The government reminded Twitter that it is a US-based private company. In its communique, as a response, it sought ‘constructive dialogue’ and ‘collaborative approach from the government of a sovereign democratic republic‘ to safeguard the interests of the public. The government advised Twitter to clarify its grandiosity and comply with the laws of India.

Several instances were cited by the government where Twitter failed to safeguard the interests of the public.

Twitter showed the location of the Union Territory of Ladakh as a part of China. Unfortunately, it happened when the countries were negotiating a peaceful resolution to the border dispute. It took repeated reminders and several days for Twitter to correct its mistake.

  • Twitter took suo-moto action against the considered perpetrators of violence at Capitol Hill in the USA. However, the social media platform refused to act on the lawful request of the Government of India to block content in the aftermath of the unlawful incident at Red Fort.

  • The government questioned the commitment of Twitter to the people of India as it let the rampant proliferation of harmful content against India and Indians. Furthermore, it challenged the role of Twitter in promoting vaccine hesitancy in India.

  • The government questioned the discriminatory practices followed by Twitter against Indians. It disputed the tagging of B.1.617 mutant as the ‘Indian variant’, which went against WHO guidelines.

Loss of Status as Intermediary

The series of events that led to the loss of status started on the Loni border in Uttar Pradesh when a video of a 72-year-old Abdul Samad Shafi being assaulted by a group of young men emerged on Twitter. According to the video, the youth forced him to chant the slogan ‘Jai Shri Ram’, and they forcibly cut his beard. The narrative painted an angle of communal violence.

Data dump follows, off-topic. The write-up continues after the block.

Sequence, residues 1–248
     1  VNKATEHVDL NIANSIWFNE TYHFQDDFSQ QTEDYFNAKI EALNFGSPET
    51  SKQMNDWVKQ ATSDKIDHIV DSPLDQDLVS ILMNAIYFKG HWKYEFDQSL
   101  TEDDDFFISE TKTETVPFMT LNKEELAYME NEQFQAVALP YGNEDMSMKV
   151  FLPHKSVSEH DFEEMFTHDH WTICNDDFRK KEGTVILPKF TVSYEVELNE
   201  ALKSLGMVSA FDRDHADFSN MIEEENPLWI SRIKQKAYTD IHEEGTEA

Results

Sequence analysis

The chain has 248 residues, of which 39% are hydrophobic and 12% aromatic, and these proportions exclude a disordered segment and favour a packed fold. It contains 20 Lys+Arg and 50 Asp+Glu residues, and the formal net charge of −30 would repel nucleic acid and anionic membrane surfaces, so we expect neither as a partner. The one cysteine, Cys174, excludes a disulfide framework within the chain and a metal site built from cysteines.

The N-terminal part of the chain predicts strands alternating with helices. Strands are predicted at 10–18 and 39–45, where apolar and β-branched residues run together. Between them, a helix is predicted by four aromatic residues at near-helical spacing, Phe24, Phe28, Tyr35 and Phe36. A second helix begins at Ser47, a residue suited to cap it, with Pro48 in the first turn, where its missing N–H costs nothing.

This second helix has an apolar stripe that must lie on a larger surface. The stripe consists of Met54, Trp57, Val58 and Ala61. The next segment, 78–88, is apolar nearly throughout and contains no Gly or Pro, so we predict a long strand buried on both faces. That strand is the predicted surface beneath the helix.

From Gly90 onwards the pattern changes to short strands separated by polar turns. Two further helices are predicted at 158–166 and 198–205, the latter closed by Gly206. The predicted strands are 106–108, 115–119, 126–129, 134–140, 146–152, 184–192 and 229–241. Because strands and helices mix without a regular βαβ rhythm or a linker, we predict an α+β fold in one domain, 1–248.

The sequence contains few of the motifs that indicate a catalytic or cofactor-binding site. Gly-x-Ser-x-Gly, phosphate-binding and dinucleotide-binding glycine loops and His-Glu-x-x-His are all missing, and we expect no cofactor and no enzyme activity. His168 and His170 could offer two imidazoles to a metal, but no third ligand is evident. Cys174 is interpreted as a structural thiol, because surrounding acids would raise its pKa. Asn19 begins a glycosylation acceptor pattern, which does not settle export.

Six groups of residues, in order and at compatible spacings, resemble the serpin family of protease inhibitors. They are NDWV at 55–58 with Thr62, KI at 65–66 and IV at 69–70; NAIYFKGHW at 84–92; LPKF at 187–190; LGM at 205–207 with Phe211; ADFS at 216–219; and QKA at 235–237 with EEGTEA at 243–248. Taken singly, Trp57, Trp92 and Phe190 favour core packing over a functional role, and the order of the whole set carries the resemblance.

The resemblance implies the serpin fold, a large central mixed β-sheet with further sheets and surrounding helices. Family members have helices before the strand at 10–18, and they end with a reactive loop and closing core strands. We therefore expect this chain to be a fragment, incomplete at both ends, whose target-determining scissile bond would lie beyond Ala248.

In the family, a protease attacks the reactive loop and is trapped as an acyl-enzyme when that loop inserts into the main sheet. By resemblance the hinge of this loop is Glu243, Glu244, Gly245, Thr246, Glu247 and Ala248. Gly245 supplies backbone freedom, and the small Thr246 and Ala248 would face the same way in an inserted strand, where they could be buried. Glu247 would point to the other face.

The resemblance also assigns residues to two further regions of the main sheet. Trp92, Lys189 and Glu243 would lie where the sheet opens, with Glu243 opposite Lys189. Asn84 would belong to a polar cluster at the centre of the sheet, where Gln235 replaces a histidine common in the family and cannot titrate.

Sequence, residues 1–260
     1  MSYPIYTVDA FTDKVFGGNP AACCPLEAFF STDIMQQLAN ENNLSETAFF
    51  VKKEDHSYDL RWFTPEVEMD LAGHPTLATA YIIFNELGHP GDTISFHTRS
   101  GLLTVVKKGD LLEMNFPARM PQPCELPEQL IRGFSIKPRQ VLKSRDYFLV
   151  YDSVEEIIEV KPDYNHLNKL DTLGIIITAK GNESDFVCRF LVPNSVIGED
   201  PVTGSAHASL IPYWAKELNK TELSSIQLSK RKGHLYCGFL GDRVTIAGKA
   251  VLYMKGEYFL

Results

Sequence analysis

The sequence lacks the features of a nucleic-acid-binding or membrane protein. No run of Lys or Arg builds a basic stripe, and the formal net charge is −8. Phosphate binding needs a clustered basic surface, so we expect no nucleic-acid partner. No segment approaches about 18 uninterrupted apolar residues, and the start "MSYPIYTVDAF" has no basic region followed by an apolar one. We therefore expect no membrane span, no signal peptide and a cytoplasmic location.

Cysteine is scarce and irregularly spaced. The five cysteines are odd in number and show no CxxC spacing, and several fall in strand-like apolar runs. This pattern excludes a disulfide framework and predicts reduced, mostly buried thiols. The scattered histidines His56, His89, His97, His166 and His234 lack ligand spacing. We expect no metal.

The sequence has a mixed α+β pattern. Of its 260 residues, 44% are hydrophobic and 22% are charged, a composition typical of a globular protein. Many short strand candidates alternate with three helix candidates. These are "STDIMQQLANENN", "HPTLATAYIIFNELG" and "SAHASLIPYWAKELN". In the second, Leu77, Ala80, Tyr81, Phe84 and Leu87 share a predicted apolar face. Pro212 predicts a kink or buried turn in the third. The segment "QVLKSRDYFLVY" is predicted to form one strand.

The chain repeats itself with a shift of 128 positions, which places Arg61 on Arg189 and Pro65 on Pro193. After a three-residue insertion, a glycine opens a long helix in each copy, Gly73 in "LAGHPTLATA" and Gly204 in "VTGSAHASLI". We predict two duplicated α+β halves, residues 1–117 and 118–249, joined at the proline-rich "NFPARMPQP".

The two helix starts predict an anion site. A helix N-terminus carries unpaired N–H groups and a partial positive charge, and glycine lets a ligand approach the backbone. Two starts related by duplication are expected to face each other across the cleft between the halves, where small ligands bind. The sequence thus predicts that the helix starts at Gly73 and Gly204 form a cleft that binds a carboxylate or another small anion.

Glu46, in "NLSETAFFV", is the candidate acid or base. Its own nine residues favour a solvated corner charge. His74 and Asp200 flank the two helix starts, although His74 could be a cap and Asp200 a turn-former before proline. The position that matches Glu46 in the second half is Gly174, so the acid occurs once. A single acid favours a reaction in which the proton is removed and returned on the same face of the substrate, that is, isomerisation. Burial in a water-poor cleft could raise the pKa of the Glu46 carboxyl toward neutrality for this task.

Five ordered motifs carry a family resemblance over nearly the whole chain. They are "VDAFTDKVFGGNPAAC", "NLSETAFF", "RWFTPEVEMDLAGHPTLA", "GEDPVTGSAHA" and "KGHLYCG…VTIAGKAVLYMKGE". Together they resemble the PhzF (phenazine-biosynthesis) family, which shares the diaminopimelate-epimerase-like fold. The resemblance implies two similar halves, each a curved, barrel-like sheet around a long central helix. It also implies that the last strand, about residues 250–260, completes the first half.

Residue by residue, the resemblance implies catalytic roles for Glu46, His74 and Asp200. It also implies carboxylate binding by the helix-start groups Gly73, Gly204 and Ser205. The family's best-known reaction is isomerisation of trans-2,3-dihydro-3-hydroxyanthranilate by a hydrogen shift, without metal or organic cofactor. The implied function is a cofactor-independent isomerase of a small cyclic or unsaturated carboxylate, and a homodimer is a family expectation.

The video supposedly shot on June 5 went viral a few days ago. Officers investigating the incident said the incident was one of ‘personal dispute’ and not communal. They said at least one of the arrested men is a Muslim.

Iraj Raja, Superintendent of Police (Rural), said Samad was beaten up by the suspects over the amulets he sold. The police also said he was not made to chant ‘Jai Shri Ram’ as alleged by him earlier.

As there is no element of communal violence, the Uttar Pradesh Police filed an FIR. The police filed the FIR based on the complaint of a local policeman. He alleged the video was shared with the interest to provoke communal violence.

“There is no communal angle to the incident in Loni where a man was thrashed, and his beard chopped off. The following entities – The Wire, Rana Ayyub, Mohammad Zubair, Dr Shama Mohammed, Saba Naqvi, Maskoor Usmani, Salman Nizami – without checking the fact, started giving communal colour to the incident”, the Ghaziabad police noted in the FIR.

As Twitter let the misinformation spread, the police added Twitter India and Twitter Inc to the FIR. The government declared that Twitter lost its intermediary status after the filing of the FIR.

IT Minister Ravi Shankar Prasad tweeted, “The simple fact of the matter is that Twitter failed to comply with the Intermediary Guidelines that came into effect from May 26.” He added that Twitter deliberately chose the path of non-compliance.

Continuing his Twitter thread, he added, “It is astounding that Twitter which portrays itself as a flag bearer of free speech, chooses the path of deliberate defiance when it comes to the Intermediary Guidelines.”

What Does It Mean For Twitter?

Twitter has lost the legal shield it enjoyed from prosecution for content posted by third parties.

With the legal shield removed, Twitter now functions like any other digital news platform in India. Any misinformation, fake news or objection spread on Twitter will see the company as an accused if a case is filed.

Currently, the company faces two cases in India. With its brazen defiance stating it follows its internal policy to the Parliament Panel of Information Technology, the feud will only get bigger. Twitter might probably follow the footsteps of TikTok if delays with compliance any longer.

Vijayhardik Josyula

An aspiring journalist bit by the bug of Indology. Love to ponder upon moments of life philosophizing about them. I am an avid cricket buff and look forward to new and exciting adventures through reading and travel. I like writing about political events, climate, and personal thoughts on life and literature.